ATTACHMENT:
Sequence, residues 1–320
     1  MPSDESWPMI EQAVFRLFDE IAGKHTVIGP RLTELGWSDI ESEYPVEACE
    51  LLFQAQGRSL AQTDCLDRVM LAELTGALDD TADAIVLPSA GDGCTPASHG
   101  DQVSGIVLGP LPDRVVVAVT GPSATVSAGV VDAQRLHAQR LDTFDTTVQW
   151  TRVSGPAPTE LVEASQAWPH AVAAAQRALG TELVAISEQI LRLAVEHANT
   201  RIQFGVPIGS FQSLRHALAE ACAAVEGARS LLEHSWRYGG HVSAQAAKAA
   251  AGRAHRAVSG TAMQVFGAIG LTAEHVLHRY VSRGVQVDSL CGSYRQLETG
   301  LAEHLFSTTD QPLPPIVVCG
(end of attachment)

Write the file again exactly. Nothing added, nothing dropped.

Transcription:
Sequence, residues 1–320
     1  MPSDESWPMI EQAVFRLFDE IAGKHTVIGP RLTELGWSDI ESEYPVEACE
    51  LLFQAQGRSL AQTDCLDRVM LAELTGALDD TADAIVLPSA GDGCTPASHG
   101  DQVSGIVLGP LPDRVVVAVT GPSATVSAGV VDAQRLHAQR LDTFDTTVQW
   151  TRVSGPAPTE LVEASQAWPH AVAAAQRALG TELVAISEQI LRLAVEHANT
   201  RIQFGVPIGS FQSLRHALAE ACAAVEGARS LLEHSWRYGG HVSAQAAKAA
   251  AGRAHRAVSG TAMQVFGAIG LTAEHVLHRY VSRGVQVDSL CGSYRQLETG
   301  LAEHLFSTTD QPLPPIVVCG